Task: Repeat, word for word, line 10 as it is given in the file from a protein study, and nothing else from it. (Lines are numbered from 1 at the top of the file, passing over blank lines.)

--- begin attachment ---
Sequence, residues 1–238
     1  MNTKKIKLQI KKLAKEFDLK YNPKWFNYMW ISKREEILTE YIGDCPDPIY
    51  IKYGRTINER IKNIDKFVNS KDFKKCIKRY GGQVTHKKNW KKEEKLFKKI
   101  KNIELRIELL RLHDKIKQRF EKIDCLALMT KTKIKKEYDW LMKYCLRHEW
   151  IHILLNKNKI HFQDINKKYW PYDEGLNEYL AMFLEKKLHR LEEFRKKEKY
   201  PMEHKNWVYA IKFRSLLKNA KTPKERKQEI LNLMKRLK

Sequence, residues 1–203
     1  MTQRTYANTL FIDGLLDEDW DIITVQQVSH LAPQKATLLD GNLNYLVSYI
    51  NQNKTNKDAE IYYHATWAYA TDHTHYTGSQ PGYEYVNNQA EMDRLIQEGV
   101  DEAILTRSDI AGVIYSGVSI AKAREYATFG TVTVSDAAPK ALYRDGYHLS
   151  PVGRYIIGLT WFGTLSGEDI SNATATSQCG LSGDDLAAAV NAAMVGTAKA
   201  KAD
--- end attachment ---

   101  DEAILTRSDI AGVIYSGVSI AKAREYATFG TVTVSDAAPK ALYRDGYHLS